In the previous post, I talked about heap data structure, a tree-based implementation in OCaml. This post will discuss how it is used to implement the heap sort algorithm. This sorting algorithm has \(O(nlogn)\) worst-case time complexity.

## Algorithm

Assume that we want to sort the list `[4; 1; 5; 3; 2]`

in decreasing order. We assume further that the input list is represented by a complete binary min heap with 5 nodes as shown on the top of Figure 1.

To sort the list we create an empty list as the output list. We pick the key value `1`

of the heap’s root and put it into the output list. Then we remove the root `Node 1`

from the heap. After these actions, we get a new heap with the root is `Node 2`

and a new output list with one element `1`

. If we do the actions above until the heap is empty (e.g., represented by a node `Leaf`

), then we get the final output list is in decreasing order `[5; 4; 3; 2; 1]`

. The process is depicted in Figure 1. Thus the heap-sort algorithm can be divided into the following steps. The result list is initialized empty.

- Build a complete binary min heap from the input list
- Get the root of the heap and concatenate it with the result list
- Remove the root. If the heap is not empty, then goto step 2
- If the sorting direction is decreasing then return the result list, otherwise, return the reversed list

The heap building is \(O(nlogn)\) time complexity. The getting and removing the root operations are \(O(1)\) and \(O(logn)\), respectively, and they are called \(n\) times. Therefore, the time complexity of the heap-sort algorithm is \(O(nlogn)\).

## Code

This post demonstrates the use of extending modules with functor in OCaml programming language as well.
Let’s see how this works in the context of the `Heap`

module to add the additional functionality
for sorting. Instead of writing a heap-sort module extending the heap module with the sorting function by hand, we use a functor to add this functionality to the heap module that supports the `fold_on_min`

function.

We create a new module `Heapsort`

that automates the process of adding sorting function to the `Heap`

module. As you can see, `Heapsort`

contains a `type k`

of the `Heap`

key type, a function `sort_list`

to sort a list of this type, and a functor `Make`

that allows one to extend a `Heap`

module.

```
(************************************)
(* Heap-sort *)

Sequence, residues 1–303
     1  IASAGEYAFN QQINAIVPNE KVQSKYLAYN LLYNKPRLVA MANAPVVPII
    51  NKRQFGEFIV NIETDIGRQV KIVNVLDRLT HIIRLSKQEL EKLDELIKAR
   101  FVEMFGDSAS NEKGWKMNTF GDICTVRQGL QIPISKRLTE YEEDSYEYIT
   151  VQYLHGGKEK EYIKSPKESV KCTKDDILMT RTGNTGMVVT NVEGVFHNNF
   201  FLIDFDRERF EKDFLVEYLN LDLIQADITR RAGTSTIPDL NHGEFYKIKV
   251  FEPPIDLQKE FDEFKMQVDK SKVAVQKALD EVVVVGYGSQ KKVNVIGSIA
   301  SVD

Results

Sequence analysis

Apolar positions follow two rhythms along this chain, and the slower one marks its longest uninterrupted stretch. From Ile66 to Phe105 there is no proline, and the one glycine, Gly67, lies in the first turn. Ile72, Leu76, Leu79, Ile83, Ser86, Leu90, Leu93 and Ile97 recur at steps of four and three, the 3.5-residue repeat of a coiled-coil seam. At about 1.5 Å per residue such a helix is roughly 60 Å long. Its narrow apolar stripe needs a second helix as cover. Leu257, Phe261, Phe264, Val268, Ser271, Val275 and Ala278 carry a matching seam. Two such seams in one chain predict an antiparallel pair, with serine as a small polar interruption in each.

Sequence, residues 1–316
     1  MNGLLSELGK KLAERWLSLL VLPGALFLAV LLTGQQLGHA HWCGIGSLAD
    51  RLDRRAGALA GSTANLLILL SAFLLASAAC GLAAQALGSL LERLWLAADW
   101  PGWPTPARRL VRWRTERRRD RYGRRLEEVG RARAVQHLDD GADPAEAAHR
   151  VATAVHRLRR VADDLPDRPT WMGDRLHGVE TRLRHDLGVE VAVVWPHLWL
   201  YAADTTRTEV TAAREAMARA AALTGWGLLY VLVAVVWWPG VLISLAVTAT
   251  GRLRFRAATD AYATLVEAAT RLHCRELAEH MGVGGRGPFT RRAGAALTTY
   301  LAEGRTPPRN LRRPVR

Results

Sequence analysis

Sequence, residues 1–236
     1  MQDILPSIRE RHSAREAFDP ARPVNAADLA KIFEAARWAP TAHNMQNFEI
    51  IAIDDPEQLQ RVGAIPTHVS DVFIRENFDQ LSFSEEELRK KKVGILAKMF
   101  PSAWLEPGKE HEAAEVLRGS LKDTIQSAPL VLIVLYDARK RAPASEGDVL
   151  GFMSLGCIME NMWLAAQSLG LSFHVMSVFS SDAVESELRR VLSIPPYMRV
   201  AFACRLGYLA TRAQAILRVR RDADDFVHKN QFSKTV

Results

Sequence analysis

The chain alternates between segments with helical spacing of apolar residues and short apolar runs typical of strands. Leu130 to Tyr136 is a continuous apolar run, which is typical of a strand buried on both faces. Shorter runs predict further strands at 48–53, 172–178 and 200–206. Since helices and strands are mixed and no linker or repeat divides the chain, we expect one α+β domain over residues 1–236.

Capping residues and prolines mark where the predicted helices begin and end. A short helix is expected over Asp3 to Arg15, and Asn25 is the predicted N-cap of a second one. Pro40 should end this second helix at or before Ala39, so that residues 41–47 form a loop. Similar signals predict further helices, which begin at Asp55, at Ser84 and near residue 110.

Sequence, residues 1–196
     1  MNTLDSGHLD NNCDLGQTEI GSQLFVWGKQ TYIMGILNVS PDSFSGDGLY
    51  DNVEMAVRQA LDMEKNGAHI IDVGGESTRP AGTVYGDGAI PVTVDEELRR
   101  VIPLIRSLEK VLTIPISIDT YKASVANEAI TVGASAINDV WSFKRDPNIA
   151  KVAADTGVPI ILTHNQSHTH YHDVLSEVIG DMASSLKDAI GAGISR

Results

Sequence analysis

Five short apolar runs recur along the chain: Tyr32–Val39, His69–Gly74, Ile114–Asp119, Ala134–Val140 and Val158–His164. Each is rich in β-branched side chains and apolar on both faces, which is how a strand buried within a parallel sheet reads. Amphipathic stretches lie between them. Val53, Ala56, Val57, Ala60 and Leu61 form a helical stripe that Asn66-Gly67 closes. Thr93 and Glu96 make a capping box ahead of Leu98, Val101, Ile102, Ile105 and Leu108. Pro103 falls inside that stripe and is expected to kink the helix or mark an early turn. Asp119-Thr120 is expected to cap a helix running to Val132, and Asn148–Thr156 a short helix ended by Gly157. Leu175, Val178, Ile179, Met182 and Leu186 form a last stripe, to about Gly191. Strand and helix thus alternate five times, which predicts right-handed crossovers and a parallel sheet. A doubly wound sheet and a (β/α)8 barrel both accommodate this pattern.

(* Van Chan Ngo *)
(************************************)
(** Implementation of binary heap over ordered types *)
open Heap
type direction = Dec | Inc
module type Heapsort = sig
type k
val sort_list : direction -> k list -> k list
end
module Make (H : Heap) : (Heapsort with type k = H.key)
```

```
open Heap
type direction = Dec | Inc
module type Heapsort = sig
type k
val sort_list : direction -> k list -> k list
end
module Make (H : Heap) = struct
type k = H.key
let sort_list d l =
let h = H.of_list l in
let ol = H.fold_on_min (fun a k -> k::a) [] h in
match d with
| Dec -> ol
| Inc -> List.rev ol
end
```

In order to apply the functor, we create a heap module from a module `OrdertedType`

. For example, I want to sort a list of integer pairs, I first create a module `IntPair`

module. Then a heap module `H`

is created from `IntPair`

. Finally, a heap-sort module is created from `H`

using the functor.

```
open Heap
open Heapsort
module IntPair =
struct
type t = int * int
let to_string x =
let (x1,x2) = x in
"(" ^ (string_of_int x1) ^ "," ^ (string_of_int x2) ^ ")"
let compare (x1,y1) (x2,y2) =
if x1 > x2 then
Gt
else if x1 < x2 then
Lt
else
begin
if y1 > y2 then
Gt
else if y1 < y2 then
Lt
else
Eq
end
end
module H = Heap.Make(IntPair)
module HS = Heapsort.Make(H)
let _ =
let ol = HS.sort_list (Inc :direction) [(1,2); (2,3); (2,343223); (432332525,1333); (342395835289,29235899589); (248,35989835)] in
List.iter (fun (x,y) -> Printf.printf "(%d,%d) " x y) ol; Printf.printf "\n"
```

The sorted output list is

```
(1,2) (2,3) (2,343223) (248,35989835) (432332525,1333) (342395835289,29235899589)
```